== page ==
Sometimes it seems like inside recess are two of the most dreaded words a teacher can hear. It seems inside recess days occur on the days when your students need to go outside and expend some energy the most.
Just like you make emergency sub plans, I highly recommend you make a menu of options for inside recess now so when it happens it won't be as stressful. Don't forget to put a copy of it with your emergency sub plans.
My students always enjoy having flashcard races when it is inside recess. You can organize this different ways.
Around the World:
The object of around the world, is for one student to compete one-on-one with classmates answering questions on flashcards. The student is trying to answer the question before his/her classmates and go completely through all the classmates or around the world without stopping.
One student stands next to another student's desk. I hold up a flashcard. Only the person standing and the person who sitting at the desk can answer. The first person wins. If the person sitting at the desk answers correctly first, that person stands next to the desk after his/hers and the person who didn't answer correctly sits in the winner's desk.
This is a good game for inside recess when your class is having a calm day.
When my students are needing to wiggle more, I divide my class into two groups. If they are really active I divide them into three groups. I have them stand in teams like a relay race. The people at the front of the line are the ones who can answer the question on the flashcard. One of my students is a scorekeeper for this game.
These flashcard games are a great way to work on fluency skills. Your students will strengthen their automaticity of letter identification, letter sounds, sight words, or math facts.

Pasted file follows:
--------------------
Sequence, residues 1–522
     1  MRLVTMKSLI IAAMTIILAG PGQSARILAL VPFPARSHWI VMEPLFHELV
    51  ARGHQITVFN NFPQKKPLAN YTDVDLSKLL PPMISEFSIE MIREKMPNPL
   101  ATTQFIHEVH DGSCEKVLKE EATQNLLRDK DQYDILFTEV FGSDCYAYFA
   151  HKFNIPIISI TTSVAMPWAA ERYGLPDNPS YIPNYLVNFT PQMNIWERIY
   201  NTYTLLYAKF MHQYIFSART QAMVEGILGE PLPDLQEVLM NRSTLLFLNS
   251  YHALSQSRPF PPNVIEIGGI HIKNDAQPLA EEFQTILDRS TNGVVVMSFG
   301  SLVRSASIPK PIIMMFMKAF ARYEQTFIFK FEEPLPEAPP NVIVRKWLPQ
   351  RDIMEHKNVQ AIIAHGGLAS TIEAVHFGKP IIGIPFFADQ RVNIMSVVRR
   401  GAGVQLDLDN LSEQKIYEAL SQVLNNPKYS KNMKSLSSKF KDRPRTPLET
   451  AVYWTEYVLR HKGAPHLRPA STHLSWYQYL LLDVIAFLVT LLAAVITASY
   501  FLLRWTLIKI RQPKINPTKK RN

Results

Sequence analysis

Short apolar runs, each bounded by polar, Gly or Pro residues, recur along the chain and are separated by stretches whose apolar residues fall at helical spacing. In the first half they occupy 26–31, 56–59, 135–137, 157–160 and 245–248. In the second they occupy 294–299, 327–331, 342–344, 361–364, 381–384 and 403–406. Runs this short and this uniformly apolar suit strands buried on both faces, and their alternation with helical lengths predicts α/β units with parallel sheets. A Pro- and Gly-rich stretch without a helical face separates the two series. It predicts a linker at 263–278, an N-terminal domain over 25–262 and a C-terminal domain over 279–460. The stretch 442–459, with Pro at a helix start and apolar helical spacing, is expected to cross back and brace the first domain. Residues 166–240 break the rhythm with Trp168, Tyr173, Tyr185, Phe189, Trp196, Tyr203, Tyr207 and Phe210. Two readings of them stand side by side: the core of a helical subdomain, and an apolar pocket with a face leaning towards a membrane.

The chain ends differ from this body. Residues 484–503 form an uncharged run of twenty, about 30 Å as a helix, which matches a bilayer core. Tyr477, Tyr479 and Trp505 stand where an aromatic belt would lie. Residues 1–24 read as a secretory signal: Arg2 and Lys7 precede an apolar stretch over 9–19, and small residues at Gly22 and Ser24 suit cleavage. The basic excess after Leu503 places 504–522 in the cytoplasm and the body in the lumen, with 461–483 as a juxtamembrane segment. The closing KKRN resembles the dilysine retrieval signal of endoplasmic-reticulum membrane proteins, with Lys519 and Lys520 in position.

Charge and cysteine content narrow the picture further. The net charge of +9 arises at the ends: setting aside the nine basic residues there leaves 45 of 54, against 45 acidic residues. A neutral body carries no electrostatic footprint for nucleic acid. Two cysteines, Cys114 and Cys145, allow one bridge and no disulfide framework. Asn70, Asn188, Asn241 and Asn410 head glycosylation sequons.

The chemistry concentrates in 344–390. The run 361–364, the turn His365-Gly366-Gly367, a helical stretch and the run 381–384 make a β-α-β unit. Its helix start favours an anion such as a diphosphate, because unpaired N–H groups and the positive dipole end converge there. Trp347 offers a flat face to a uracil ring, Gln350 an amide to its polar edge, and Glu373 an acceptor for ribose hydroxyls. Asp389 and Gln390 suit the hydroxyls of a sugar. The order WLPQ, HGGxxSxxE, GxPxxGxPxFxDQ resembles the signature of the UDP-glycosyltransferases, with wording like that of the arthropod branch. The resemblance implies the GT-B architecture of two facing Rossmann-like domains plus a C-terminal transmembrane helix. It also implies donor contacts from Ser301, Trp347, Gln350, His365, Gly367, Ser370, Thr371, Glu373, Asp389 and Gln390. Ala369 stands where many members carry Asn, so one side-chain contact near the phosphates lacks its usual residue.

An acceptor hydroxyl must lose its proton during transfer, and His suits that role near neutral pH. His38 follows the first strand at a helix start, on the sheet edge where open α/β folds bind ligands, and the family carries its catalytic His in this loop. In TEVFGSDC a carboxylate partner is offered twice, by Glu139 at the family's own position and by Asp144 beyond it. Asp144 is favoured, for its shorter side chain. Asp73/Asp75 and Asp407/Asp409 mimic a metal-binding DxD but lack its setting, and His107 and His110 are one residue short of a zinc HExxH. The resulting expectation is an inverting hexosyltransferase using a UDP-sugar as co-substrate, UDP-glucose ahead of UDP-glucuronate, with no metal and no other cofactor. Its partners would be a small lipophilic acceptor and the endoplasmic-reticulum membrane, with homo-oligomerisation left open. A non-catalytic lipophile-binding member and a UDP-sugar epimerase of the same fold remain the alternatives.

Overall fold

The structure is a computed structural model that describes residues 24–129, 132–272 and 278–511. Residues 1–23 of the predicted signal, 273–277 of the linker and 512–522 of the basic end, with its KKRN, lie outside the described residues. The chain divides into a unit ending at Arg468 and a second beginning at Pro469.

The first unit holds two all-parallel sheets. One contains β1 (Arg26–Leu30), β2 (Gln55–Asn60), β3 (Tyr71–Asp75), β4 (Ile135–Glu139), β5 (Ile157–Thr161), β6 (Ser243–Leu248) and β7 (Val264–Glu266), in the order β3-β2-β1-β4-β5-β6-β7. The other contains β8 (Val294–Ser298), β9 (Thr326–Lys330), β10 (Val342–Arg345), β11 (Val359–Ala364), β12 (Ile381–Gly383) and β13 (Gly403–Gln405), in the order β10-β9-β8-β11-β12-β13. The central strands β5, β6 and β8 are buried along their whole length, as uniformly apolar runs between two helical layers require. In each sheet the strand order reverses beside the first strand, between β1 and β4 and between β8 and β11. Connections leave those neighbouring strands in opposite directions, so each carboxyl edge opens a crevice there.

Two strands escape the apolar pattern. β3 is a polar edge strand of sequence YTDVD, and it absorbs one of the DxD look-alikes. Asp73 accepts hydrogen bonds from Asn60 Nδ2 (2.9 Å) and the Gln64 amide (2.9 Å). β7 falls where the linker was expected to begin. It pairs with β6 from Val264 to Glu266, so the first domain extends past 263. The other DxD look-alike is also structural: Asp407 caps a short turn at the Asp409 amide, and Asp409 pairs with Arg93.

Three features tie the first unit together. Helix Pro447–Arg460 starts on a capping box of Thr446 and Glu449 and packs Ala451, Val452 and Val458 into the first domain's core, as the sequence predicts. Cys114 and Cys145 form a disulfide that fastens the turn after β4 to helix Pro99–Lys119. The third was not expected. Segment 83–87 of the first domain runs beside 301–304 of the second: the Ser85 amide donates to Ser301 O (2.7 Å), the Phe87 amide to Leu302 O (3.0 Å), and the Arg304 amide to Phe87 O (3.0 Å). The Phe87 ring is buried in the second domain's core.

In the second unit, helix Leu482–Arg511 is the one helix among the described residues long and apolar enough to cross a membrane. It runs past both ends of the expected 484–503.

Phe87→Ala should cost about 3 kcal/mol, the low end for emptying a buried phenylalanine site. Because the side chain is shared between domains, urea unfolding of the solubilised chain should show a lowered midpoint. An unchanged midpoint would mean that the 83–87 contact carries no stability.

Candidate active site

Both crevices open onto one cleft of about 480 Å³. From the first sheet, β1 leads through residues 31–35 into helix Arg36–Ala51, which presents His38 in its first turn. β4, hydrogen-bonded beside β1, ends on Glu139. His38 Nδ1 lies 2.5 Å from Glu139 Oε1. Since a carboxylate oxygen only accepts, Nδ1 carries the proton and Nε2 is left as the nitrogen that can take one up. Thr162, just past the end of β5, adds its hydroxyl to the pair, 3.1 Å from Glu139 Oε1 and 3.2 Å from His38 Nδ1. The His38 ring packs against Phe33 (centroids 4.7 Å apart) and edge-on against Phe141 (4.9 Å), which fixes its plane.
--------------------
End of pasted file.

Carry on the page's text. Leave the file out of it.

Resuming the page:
I would recommend playing this whole group the first time. After your students learn how to do it, you can divide your class into small groups. You will need as many thimbles as the number of groups.
Before playing this, you will want to introduce prepositions to your class. I have a free packet that has a word bank that would be helpful to use as a reference for this.
Click HERE to download this for free.
Have your students put their heads down and close their eyes. While they are doing this, you will hide the thimble somewhere in the classroom. After you finish hiding the thimble, let your students put their heads up and open their eyes. Now choose one row or one team at a time to get up and walk around the room to look for the thimble. Set a timer or watch the clock. Give them a short amount of time. At the end of the time, tell the row or team that they may (as a team) ask you 3 things about where the thimble is hidden. Their questions should include a preposition. Example:
- Is the thimble near the sink?
- Is the thimble beside a shelf?
- Is the thimble under a book?
The team that figures out where the thimble is hidden gets to hide it the next time. They love to be in charge and answer the questions.
This is a fun game that gets your students up and moving. They are working together and strategizing. You'll be amazed to see that when one group doesn't get it and the next group doesn't get it, the first group is already planning what their next questions for you are going to be.
Your next preposition lesson will be a snap because your students will remember the hide the thimble game!
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